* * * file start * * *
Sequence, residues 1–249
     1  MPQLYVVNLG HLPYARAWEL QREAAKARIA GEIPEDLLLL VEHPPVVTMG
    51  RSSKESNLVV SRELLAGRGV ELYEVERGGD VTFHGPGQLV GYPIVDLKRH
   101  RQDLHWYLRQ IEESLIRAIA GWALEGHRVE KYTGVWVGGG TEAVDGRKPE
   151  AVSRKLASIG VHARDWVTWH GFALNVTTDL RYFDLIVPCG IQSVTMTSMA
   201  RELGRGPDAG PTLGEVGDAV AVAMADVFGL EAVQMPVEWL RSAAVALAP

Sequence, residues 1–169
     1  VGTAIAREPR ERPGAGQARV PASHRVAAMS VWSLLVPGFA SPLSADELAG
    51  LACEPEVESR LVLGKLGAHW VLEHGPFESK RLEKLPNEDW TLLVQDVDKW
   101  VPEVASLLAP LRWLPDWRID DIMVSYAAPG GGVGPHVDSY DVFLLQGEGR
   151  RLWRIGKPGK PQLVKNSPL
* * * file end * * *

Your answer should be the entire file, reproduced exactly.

Sequence, residues 1–249
     1  MPQLYVVNLG HLPYARAWEL QREAAKARIA GEIPEDLLLL VEHPPVVTMG
    51  RSSKESNLVV SRELLAGRGV ELYEVERGGD VTFHGPGQLV GYPIVDLKRH
   101  RQDLHWYLRQ IEESLIRAIA GWALEGHRVE KYTGVWVGGG TEAVDGRKPE
   151  AVSRKLASIG VHARDWVTWH GFALNVTTDL RYFDLIVPCG IQSVTMTSMA
   201  RELGRGPDAG PTLGEVGDAV AVAMADVFGL EAVQMPVEWL RSAAVALAP

Sequence, residues 1–169
     1  VGTAIAREPR ERPGAGQARV PASHRVAAMS VWSLLVPGFA SPLSADELAG
    51  LACEPEVESR LVLGKLGAHW VLEHGPFESK RLEKLPNEDW TLLVQDVDKW
   101  VPEVASLLAP LRWLPDWRID DIMVSYAAPG GGVGPHVDSY DVFLLQGEGR
   151  RLWRIGKPGK PQLVKNSPL